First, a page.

Hip pain can make it hard to walk, go up and down stairs, squat, or sleep on the side that hurts. A clicking or snapping feeling or sound around your hip joint ( snapping hip) may bother you or cause you to worry. But if your hip is not painful, in many cases the click or snap is nothing to worry about. Home treatment may be all that is needed for minor hip symptoms.
To better understand hip problems, it may be helpful to know how the hip works. It is the largest ball-and-socket joint in the body. The thigh bone (femur) fits tightly into a cup-shaped socket (acetabulum) in the pelvis. The hip joint is tighter and more stable than the shoulder joint but it does not move as freely. The hip joint is held together by muscles in the buttock, groin, and spine; tendons; ligaments; and a joint capsule. Several fluid-filled sacs (bursae) cushion and lubricate the hip joint and let the tendons and muscles glide and move smoothly. The largest nerve in the body (sciatic nerve) passes through the pelvis into the leg.
Hip problems may develop from overuse, bone changes with age, tumours, infection, changes in the blood supply, or a problem that was present from birth (congenital). Oddly enough, a person who has a hip problem often feels pain in the knee or thigh instead of the hip. The type of hip pain you have may help your doctor determine the cause of your pain.
Pelvic, groin, thigh, or knee pain (referred pain) may be present along with a sore, painful, or tender hip. Hip pain can have many causes.
Treatment for a hip problem depends on the location, type, and severity of the problem, as well as your age, general health, and activities (such as work, sports, hobbies). Treatment may include first aid measures; application of a brace, cast, harness, or traction; physiotherapy; medicines; or surgery.
Check your symptoms to decide if and when you should see a doctor.
Many things can affect how your body responds to a symptom and what kind of care you may need. These include:
You have answered all the questions. Based on your answers, you may be able to take care of this problem at home.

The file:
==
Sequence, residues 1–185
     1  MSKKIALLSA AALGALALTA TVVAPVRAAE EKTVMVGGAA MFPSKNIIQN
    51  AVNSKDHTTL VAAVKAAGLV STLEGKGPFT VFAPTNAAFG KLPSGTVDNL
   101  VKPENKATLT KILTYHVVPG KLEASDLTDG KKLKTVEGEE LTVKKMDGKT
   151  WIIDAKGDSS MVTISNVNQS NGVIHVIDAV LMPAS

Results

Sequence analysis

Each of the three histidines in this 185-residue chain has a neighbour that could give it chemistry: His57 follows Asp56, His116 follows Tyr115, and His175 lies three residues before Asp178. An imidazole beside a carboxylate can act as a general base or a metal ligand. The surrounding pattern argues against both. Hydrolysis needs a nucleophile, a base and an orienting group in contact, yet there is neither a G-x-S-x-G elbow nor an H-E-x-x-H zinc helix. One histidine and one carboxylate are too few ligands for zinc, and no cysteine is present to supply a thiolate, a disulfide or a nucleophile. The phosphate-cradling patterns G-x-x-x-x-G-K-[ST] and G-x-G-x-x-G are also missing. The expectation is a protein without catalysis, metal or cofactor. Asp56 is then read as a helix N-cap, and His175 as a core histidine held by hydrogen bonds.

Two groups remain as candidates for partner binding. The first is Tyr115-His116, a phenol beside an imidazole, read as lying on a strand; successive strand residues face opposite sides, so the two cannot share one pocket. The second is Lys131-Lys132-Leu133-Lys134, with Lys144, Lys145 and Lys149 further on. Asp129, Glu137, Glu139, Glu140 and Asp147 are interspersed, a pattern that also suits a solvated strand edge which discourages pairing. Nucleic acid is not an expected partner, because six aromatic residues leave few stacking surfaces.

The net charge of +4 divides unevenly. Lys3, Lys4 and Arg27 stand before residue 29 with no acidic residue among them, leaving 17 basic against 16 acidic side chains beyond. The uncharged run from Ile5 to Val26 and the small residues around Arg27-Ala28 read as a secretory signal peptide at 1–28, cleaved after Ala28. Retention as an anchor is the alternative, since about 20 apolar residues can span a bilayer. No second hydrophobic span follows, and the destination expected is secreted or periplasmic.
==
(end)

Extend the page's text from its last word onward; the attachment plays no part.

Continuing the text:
Pain in adults and older children
When an area turns blue, very pale, or cold, it can mean that there has been a sudden change in the blood supply to the area. This can be serious.
There are other reasons for colour and temperature changes. Bruises often look blue. A limb may turn blue or pale if you leave it in one position for too long, but its normal colour returns after you move it. What you are looking for is a change in how the area looks (it turns blue or pale) and feels (it becomes cold to the touch), and this change does not go away.
Symptoms of infection may include:
Certain health conditions and medicines weaken the immune system's ability to fight off infection and illness. Some examples in adults are:
Based on your answers, you may need care right away. The problem is likely to get worse without medical care.
Based on your answers, you may need care soon. The problem probably will not get better without medical care.
Based on your answers, the problem may not improve without medical care.
Based on your answers, you need emergency care.
or other emergency services now.
Home treatment may help relieve hip pain, swelling, and stiffness.
Try a non-prescription medicine to help treat your fever or pain:
Be sure to follow these safety tips when you use a non-prescription medicine:
Do not smoke. Smoking may delay healing because it interferes with blood supply and tissue healing. For more information, see the topic Quitting Smoking.
If you have a cast, see cast care tips.
Call your doctor if any of the following occur during home treatment:
The following tips may prevent hip problems or injuries.
Warm up and stretch before exercising prevent problems.
You can help your doctor diagnose and treat your condition by being prepared to answer the following questions:
ByHealthwise StaffPrimary Medical ReviewerWilliam H. Blahd, Jr., MD, FACEP - Emergency MedicineAdam Husney, MD - Family MedicineKathleen Romito, MD - Family MedicineH. Michael O'Connor, MD, MMEd, FRCPC - Emergency Medicine
Current as ofNovember 20, 2017
Current as of: November 20, 2017
William H. Blahd, Jr., MD, FACEP - Emergency Medicine
& Adam Husney, MD - Family Medicine & Kathleen Romito, MD - Family Medicine & H. Michael O'Connor, MD, MMEd, FRCPC - Emergency Medicine
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